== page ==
Skyscrapers and LeavesBlog / Produced by The High Calling
“What’s that building?” she asks.
“Which one?” I ask.
“The dark one there.” She points. “The one with the strange angles that looks like it is leaning.” She points at a gleaming glass-façade edifice with straight unbroken lines. I am puzzled. Then I see it.
“That’s a glass reflection of a building across the street,” I explain. “The angles and apparent leaning are the reflection, not the building itself.”
“Oh, I see now.”
We step into a wooden walkway beside an office tower lined with washers. I wonder aloud what stone covers the building. “Well, it is white," my wife observes. She reaches to touch it. “Feels like marble.”
On the next block, we walk past a line of new ornamental trees. “What kind of trees are these?” she asks. I study the bark, the leaf color and shape. I report that they must be young live oaks, although I do not recall live oaks having such straight trunks and symmetrically shaped leaf canopies.
And so it goes throughout our stroll along the big city streets. My wife sees mainly shapes; she is losing her eyesight to the ravages of glaucoma. I have become her interpreter of detail.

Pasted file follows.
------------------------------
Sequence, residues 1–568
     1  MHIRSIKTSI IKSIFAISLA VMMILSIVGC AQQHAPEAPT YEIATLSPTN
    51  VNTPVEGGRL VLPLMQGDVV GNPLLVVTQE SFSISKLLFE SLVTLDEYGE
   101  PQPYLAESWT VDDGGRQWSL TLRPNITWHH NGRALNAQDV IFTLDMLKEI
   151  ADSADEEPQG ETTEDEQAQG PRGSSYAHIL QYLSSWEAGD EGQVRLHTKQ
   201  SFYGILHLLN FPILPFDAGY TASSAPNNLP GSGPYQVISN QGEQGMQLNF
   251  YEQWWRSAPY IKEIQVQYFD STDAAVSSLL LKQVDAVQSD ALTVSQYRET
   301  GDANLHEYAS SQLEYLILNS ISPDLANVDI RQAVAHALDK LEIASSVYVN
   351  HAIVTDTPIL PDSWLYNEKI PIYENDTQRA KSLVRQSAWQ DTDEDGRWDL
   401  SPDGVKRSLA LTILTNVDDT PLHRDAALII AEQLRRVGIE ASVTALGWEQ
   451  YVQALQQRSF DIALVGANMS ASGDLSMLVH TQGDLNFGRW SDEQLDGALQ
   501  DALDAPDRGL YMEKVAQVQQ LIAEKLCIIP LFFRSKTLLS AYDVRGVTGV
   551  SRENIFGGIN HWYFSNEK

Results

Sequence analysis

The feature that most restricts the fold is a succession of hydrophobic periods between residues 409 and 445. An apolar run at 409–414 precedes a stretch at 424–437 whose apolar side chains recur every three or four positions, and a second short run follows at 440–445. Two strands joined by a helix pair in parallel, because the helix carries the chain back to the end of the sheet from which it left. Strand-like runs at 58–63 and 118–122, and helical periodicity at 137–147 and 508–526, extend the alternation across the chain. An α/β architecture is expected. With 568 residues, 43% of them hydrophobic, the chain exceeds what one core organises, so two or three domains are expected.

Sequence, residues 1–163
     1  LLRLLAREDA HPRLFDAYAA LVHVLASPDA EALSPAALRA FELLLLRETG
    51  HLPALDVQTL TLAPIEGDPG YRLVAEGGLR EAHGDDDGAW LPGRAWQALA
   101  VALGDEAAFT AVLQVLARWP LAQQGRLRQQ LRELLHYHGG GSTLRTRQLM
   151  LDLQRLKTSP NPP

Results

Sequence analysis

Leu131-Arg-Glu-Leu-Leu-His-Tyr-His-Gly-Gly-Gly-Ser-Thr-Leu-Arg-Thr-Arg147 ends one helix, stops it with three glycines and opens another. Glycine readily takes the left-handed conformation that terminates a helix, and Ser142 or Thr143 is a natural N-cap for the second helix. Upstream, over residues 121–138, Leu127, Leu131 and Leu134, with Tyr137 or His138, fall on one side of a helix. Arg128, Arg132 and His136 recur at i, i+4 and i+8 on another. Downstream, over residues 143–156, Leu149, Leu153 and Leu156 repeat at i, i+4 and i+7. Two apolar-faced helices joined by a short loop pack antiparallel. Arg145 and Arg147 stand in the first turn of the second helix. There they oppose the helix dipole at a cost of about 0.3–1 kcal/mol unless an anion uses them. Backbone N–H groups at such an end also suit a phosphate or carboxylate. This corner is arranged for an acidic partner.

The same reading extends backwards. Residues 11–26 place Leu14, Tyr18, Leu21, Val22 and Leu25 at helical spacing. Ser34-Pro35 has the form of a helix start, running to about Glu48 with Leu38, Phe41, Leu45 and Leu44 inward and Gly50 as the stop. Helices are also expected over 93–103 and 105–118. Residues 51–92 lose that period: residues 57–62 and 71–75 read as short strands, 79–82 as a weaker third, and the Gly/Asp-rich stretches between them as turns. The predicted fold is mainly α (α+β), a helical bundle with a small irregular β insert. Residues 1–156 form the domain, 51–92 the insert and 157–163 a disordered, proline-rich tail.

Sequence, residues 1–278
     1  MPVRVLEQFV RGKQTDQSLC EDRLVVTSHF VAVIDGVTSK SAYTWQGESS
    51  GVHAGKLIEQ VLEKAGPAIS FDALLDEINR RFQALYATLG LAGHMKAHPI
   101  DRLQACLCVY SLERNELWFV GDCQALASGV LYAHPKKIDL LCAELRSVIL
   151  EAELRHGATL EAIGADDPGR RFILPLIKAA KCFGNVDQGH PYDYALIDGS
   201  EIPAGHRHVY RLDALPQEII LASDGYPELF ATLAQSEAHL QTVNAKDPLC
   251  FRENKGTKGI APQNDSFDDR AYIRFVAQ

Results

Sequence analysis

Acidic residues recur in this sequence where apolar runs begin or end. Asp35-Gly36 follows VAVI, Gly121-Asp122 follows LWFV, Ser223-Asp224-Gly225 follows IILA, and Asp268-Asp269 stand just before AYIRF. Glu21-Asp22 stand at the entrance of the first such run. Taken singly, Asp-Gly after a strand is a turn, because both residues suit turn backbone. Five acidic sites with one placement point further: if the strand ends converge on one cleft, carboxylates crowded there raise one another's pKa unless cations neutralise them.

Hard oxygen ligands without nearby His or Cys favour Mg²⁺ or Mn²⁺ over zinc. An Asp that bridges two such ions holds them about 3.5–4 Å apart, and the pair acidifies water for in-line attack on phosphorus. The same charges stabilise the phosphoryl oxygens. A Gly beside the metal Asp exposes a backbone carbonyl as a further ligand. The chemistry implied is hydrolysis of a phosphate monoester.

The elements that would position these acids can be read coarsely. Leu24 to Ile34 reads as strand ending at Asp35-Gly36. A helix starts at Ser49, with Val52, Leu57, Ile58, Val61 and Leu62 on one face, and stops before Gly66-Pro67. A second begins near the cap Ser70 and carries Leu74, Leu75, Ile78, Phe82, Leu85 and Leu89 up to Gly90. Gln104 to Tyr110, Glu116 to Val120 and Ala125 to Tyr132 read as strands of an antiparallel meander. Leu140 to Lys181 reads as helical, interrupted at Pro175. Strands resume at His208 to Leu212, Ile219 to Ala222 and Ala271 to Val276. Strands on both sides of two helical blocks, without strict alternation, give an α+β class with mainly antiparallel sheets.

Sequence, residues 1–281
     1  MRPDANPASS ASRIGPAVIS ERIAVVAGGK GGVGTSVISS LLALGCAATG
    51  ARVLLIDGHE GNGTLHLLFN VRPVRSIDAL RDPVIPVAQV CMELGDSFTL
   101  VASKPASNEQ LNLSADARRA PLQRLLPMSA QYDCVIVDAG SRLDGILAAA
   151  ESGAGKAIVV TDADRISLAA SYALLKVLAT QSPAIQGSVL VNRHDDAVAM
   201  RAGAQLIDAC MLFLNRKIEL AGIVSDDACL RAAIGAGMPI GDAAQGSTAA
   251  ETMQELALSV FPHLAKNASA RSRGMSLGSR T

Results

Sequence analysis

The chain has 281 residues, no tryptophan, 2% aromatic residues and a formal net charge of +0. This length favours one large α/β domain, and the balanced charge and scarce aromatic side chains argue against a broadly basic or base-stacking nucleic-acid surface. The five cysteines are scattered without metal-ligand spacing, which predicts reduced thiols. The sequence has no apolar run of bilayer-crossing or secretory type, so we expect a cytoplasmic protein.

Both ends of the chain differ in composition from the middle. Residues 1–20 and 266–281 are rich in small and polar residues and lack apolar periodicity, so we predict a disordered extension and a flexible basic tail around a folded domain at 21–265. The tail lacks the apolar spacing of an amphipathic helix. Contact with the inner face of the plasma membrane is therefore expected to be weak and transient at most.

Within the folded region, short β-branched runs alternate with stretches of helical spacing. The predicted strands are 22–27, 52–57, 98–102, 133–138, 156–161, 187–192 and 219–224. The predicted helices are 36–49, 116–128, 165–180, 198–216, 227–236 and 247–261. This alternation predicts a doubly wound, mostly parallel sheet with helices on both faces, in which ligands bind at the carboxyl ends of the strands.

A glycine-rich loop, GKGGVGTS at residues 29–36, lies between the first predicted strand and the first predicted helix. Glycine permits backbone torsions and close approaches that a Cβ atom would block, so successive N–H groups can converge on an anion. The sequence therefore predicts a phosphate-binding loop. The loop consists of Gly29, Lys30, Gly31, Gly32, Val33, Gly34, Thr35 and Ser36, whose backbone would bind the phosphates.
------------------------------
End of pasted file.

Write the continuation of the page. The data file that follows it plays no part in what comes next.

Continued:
“God is in the details,” the architect Le Corbusier said. To plan a building, an architect must labor first over multitudinous points from site location to issues of engineering viability—can such a design be built without collapsing?—to effective lighting, to hardware to open doors and windows. The more I consider the construction of those skyscrapers my wife and I are admiring, the more I appreciate them. In some ways—and this I think is what Le Corbusier meant—the coming together of so much minute detail into an edifice of cohesive function and beauty is a miracle of God.
My wife has always been more alert to detail than I. Now that I am a primary interpreter of the visual world around her, however, I am better tuned in. I attend more now to both the natural world and the world of fabricated objects. My lack of experience shows when I stumble for words to tell my wife the details of what we are seeing. I notice now, for example, a reddish hue in the yellow blossoms of our favorite hibiscus, but I stumble to identify the exact shade of red. We could all probably test our own histories for detail by the vocabulary we have to describe the world around us. We could apply similar tests to our olfactory, auditory, and tactile senses.
Spiritually, attention to the details of the creations of God and man is one avenue by which we grow in love for both. What God has made, and what He guides human beings in making, most certainly is best appreciated when we notice the details.